Victoria – The Province is providing the ALS Society of BC with $2 million for PROJECT HOPE to further support patients living with amyotrophic lateral sclerosis (ALS) in British Columbia through research for a cure and clinical trials.
PROJECT HOPE will establish an ALS research professorship in collaboration with the University of British Columbia (UBC). This new, permanent ALS dedicated clinician/scientist will offer patient care and further improve patient outcomes and research, with the goal of increasing access to clinical trials in British Columbia for local patients.
“For the first time in nearly a decade, British Columbians living with ALS will soon have a chance to participate in potentially life-changing research close to home,” said Adrian Dix, Minister of Health. “For 40 years, the ALS Society of BC has been dedicated to providing support to patients and their families and works to improve the quality of life for people living with ALS. Now, through PROJECT HOPE, they are giving more hope to people with ALS by supporting clinical trials right here in B.C.”
Brad MacKenzie, chair, ALS Society of BC Advocacy Committee, said, “As somebody living with ALS, it feels great to know that our needs are recognized by the provincial government and UBC. Now that PROJECT HOPE is successful, British Columbians living with ALS, myself included, should feel proud that we will soon have more local access to cutting-edge, world-class clinical trials for the disease.”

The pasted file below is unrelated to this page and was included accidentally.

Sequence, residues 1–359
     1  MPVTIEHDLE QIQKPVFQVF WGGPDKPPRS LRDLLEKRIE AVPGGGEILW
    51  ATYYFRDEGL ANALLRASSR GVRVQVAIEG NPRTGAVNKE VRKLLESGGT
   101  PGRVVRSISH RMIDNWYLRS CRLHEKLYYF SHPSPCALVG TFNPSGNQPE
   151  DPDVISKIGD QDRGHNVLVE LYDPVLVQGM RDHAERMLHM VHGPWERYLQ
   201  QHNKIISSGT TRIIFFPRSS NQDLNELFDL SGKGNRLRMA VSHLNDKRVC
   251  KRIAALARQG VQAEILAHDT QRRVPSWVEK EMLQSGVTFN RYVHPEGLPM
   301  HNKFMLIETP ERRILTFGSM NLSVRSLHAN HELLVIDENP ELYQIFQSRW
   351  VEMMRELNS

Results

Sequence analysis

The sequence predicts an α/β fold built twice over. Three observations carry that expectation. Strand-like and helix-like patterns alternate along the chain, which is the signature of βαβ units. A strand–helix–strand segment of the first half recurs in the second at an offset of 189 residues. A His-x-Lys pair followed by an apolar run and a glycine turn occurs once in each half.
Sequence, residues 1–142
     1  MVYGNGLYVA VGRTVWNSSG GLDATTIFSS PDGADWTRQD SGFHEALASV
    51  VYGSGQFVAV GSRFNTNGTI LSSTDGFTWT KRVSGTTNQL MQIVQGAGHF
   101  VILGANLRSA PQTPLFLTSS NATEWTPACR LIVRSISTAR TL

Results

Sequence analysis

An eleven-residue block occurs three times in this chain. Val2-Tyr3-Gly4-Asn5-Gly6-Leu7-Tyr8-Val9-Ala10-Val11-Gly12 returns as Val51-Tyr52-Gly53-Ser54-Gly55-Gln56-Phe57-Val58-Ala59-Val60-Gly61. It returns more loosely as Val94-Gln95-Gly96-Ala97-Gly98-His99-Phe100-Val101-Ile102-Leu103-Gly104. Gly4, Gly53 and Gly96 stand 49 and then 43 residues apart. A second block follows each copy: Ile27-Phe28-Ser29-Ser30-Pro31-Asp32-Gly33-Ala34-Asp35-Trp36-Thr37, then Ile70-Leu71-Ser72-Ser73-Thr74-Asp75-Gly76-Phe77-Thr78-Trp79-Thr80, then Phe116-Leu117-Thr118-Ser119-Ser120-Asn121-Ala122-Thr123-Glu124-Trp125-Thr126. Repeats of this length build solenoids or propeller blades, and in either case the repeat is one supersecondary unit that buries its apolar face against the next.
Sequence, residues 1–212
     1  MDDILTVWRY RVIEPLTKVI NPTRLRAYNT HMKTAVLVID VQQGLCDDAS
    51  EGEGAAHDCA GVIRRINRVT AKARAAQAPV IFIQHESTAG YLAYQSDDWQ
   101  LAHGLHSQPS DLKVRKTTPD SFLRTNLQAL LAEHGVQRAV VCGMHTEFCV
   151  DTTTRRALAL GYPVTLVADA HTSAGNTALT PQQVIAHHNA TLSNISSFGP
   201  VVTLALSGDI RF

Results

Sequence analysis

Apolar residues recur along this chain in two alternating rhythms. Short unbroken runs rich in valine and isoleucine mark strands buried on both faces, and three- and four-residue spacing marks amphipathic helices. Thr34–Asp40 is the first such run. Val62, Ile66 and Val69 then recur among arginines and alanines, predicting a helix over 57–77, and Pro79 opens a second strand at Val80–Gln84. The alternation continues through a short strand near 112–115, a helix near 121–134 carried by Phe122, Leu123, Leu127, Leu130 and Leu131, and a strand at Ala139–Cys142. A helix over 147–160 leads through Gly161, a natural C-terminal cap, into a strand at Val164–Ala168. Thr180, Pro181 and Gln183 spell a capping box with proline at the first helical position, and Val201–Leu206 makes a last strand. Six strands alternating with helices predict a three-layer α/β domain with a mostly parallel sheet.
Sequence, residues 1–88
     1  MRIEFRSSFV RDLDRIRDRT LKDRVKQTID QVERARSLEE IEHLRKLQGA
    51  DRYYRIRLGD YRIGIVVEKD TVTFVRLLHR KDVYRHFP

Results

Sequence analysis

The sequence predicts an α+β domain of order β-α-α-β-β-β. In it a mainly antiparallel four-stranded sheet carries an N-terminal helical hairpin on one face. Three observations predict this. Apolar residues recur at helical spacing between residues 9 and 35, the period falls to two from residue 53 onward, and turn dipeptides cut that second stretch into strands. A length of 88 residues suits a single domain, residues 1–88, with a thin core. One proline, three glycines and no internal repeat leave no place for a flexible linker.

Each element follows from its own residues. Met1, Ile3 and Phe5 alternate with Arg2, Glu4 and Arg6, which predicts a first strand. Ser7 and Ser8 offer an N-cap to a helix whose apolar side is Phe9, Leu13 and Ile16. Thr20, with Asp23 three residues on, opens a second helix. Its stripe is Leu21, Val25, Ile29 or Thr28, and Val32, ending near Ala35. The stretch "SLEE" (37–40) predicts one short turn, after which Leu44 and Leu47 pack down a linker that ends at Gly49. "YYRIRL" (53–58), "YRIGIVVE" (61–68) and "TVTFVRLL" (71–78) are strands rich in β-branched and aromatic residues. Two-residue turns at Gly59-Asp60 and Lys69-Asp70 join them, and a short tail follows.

The clinician/scientist will work out of the Djavad Mowafaghian Centre for Brain Health (DMCBH) at UBC. Scientists at DMCBH also work on Alzheimer’s and Parkinson’s research, which provides an opportunity for collaboration between the study of these three neurodegenerative diseases.
“This investment represents an unprecedented opportunity to accelerate the translation of ALS research to patient care, bringing hope to patients and families,” said Dr. Dermot Kelleher, dean of UBC’s faculty of medicine and vice-president of health at UBC.
This provincial investment supports the ALS Society of BC in improving care for people with ALS. In 2020, government provided $1 million to the ALS Society of BC to support its fundraising efforts. In August 2020, the Ministry of Health also began providing coverage of edaravone, or Radicava, for patients living with ALS. In a clinical trial, edaravone helped slow the worsening of this disease in a select ALS patient subpopulation.
The ALS Society of BC was founded in 1981 by ALS patients, their family members and health-care professionals to meet the physical and emotional needs of people living with ALS and their caregivers. They support families directly, raise funds for patient services and research and work to increase public awareness and understanding of ALS.
Approximately 400 British Columbians live with ALS. ALS is a fatal neurodegenerative disease where patients typically become unable to move, speak, swallow and breathe as the condition progresses.